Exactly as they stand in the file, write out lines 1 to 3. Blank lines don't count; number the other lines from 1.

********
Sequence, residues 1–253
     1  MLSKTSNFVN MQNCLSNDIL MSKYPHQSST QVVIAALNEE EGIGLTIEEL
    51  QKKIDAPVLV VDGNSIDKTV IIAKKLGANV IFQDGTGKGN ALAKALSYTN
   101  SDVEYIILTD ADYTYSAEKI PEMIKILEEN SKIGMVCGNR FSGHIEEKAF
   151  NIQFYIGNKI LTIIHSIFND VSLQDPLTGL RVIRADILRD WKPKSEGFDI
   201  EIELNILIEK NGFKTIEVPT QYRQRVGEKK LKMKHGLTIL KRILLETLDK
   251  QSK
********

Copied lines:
Sequence, residues 1–253
     1  MLSKTSNFVN MQNCLSNDIL MSKYPHQSST QVVIAALNEE EGIGLTIEEL
    51  QKKIDAPVLV VDGNSIDKTV IIAKKLGANV IFQDGTGKGN ALAKALSYTN